We all saw *that article*… But what does the research ACTUALLY say?
Full research paper: https://jamanetwork.com/journals/jamapediatrics/fullarticle/2784066
Link to article:
Telegraph (paywall): https://www.telegraph.co.uk/news/2021/09/20/two-thirds-autism-cases-could-prevented-baby-video-intervention/
Autism can be prevented by teaching parents how to interact with their babies, study finds
By Sarah Knapton
Telegraph 14 days ago
Two thirds of autism cases could be prevented by treating babies with a simple video intervention, new research shows. In a landmark study, scientists from the University of Manchester and the University of Western Australia found that they could reduce the number of children being diagnosed with autism at the age of three, from 20.5 per cent per cent to 6.7 per cent.
Nothing about us without us
Who: Whitehouse and colleagues
Journal: JAMA Pediatrics
Title: Effect of Preemptive Intervention on Developmental Outcomes Among Infants Showing Early Signs of Autism
Early Autism Intervention
Headline reads: Autism can be prevented by teaching parents how to interact with their babies, study finds.
An arrow points to the headline, and reads “NOPE!”
Many of us saw this Telegraph article…
But what does the research actually say?
[Screenshot from research]
Question: Does preemptive intervention compared with usual care reduce the severity of autism symptoms and the likelihood of an autism spectrum disorder (ASD) diagnosis in infants showing
early signs of ASD?
Findings: In this randomized clinical trial of 103 infants showing early behavioral signs of ASD, preemptive intervention led to a statistically significant reduction in the severity of ASD behaviors across early childhood. Infants who received the preemptive intervention had lower odds of meeting diagnostic criteria for ASD (7%) than those who received usual care (21%) at age 3 years, with a number needed to treat of 7 participants.
Meaning: This study found that a preemptive intervention
reduced ASD diagnostic behaviors when used at the time atypical development first emerges during infancy.
But autism isn’t something that goes away or which can be prevented… If you are autistic, you are always autistic! Not meeting the diagnostic criteria means that you may be barred from beneficial support later in life…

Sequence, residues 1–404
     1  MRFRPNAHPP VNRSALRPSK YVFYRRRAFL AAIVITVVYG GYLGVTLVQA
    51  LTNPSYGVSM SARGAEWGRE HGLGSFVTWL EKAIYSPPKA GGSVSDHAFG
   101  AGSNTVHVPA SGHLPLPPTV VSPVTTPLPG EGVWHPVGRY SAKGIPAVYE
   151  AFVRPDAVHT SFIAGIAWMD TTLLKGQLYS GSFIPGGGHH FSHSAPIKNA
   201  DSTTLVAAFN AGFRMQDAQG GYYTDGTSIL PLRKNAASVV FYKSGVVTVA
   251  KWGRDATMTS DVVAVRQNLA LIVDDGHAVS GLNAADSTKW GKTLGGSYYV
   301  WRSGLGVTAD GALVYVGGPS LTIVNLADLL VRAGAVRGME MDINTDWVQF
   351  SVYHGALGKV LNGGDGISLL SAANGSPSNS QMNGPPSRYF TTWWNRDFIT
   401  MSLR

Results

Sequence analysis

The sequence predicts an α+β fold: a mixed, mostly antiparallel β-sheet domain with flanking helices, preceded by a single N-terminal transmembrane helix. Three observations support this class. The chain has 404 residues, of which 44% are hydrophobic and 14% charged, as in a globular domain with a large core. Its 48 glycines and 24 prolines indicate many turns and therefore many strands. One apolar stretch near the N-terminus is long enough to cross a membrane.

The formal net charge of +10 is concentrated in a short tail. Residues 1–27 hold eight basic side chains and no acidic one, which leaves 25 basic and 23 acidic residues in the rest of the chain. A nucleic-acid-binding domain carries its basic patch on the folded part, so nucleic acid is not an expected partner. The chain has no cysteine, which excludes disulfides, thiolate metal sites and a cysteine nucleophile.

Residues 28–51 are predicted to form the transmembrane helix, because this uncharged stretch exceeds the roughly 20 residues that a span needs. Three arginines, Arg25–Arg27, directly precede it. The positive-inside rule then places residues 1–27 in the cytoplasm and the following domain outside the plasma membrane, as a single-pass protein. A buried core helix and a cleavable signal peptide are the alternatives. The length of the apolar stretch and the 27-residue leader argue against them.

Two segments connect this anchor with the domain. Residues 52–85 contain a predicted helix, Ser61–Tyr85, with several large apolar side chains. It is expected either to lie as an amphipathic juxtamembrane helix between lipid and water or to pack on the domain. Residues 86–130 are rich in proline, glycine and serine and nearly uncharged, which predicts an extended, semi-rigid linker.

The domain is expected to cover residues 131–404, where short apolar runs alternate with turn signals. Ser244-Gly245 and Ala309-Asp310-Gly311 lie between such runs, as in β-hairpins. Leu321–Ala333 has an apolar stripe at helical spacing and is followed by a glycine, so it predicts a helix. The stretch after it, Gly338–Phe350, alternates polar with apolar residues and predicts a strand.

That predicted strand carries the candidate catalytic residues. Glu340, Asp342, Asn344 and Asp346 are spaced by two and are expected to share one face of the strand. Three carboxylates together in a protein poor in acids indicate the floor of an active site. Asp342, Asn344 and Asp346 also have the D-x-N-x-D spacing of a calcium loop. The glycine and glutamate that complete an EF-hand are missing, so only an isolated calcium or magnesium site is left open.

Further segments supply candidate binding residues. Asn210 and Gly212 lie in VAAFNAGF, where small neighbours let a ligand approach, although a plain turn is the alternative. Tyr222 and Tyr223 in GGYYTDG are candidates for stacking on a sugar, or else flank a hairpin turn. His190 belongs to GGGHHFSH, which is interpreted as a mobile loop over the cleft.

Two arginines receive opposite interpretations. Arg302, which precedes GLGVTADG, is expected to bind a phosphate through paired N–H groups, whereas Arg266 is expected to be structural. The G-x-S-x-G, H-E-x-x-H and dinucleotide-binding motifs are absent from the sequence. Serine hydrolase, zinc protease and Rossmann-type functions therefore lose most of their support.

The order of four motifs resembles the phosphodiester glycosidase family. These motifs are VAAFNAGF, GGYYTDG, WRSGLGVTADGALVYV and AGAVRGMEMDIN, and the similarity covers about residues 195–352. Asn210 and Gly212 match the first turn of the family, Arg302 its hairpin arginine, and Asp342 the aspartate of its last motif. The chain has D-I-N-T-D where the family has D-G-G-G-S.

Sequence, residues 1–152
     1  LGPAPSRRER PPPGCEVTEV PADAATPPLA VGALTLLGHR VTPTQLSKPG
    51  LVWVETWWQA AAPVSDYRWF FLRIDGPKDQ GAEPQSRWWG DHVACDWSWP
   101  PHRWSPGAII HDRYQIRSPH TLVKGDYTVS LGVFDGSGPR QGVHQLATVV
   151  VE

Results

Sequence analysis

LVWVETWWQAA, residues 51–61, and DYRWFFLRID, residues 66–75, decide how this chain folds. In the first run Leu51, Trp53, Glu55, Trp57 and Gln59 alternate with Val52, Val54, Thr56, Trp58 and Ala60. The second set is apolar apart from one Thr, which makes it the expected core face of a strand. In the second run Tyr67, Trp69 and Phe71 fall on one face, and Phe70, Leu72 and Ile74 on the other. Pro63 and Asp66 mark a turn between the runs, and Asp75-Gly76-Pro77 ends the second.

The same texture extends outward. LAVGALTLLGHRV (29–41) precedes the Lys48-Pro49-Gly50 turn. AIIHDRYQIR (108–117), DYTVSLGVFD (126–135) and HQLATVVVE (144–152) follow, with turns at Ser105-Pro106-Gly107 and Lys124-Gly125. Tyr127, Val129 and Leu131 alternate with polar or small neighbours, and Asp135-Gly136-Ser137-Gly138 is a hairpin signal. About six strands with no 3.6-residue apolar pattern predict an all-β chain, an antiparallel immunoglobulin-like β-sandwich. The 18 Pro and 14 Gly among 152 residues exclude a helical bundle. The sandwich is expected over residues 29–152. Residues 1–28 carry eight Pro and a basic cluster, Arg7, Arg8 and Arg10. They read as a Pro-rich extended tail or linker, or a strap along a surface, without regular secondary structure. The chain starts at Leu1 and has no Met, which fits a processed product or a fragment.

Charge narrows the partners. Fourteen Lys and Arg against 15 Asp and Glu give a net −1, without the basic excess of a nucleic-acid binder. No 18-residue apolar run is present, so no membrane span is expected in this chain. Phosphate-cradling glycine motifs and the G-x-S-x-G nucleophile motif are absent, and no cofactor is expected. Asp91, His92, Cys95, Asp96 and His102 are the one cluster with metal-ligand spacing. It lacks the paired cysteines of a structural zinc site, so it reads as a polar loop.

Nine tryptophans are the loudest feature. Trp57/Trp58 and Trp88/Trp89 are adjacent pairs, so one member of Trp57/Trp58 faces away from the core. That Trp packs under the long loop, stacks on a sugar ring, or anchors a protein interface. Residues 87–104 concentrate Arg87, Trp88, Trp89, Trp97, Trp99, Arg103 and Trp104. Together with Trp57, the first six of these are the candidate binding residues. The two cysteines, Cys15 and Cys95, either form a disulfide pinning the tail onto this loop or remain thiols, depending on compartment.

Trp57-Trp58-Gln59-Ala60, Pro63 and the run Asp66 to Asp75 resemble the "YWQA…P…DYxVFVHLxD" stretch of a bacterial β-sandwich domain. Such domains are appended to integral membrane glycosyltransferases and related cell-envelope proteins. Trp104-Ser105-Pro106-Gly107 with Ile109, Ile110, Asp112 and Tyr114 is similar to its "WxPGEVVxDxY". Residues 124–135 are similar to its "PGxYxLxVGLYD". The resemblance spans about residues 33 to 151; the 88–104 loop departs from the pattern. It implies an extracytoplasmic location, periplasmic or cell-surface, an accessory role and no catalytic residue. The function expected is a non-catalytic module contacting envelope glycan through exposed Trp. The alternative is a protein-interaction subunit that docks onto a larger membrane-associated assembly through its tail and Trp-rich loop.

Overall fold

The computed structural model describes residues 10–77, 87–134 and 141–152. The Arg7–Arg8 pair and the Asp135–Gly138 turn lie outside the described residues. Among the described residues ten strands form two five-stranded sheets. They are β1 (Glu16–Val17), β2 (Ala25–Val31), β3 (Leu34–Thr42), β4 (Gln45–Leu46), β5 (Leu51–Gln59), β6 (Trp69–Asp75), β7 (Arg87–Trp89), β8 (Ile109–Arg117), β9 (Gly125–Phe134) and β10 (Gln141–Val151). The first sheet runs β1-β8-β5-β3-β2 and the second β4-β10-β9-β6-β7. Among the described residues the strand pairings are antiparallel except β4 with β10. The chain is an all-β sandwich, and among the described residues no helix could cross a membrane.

So, let’s look at this study.
Autistic people are not typically diagnosed until 3 years old, however, intervention around the age of 2 can have a lot of impact on their development.
They used an intervention called “The iBASIS–Video Interaction to Promote Positive Parenting (iBASIS-VIPP)”. Previous research suggested that the use of this intervention led to a reduction in the “severity” of autistic characteristics up to 3 years old.
What they did:
They wanted to see how this intervention impacted children’s development. Children were referred to the study between the ages of 9 and 15 months if they showed atypical development in at least 3 of the following:
– spontaneous eye contact
– protodeclarative pointing (pointing to show another person an object of interest)
– social gestures
– response to name
They got data from 89 children in the study.
45 received the intervention and 44 didn’t.
[edit: I’m sorry about the wonky text box on this slide. It doesn’t look like this in the design, only when uploaded to FB. It annoys me too, I’ll try and fix it later]
The primary caregiver had 10 sessions with a therapist in their own home over 5 months. Their interactions with their child were recorded and they were given feedback.
The therapist supported the caregiver to communicate with their child, and they were taught targeted skills to interact with & respond to their child effectively.
Over the next 2 years, they assessed how many autistic characteristics the children displayed, and whether or not they were diagnosed.
[edit: it’s wonky on this slide too, whyyy]
The children who received this intervention had a reduction in severity of autistic characteristics, and they were less likely to be diagnosed in early childhood.
However, this effect was small and it’s unclear whether there is any clinical significance.
Is a “severe” autistic characteristic any non-neurotypical trait, or a trait which is distressing to the child? (in this study, it appeared to be any non-neurotypical trait.)
Is a reduction in autistic traits actually a positive & desirable outcome?
Is there any actual reduction in autistic traits, or increased masking? What impact does this have on mental wellbeing later in life, especially when research shows that a positive autistic identity is protective against mental illness?
Do we want autistic children to be less likely to receive a diagnosis in early childhood, when a diagnosis opens the path to beneficial support later in life and increased understanding of oneself and ones needs?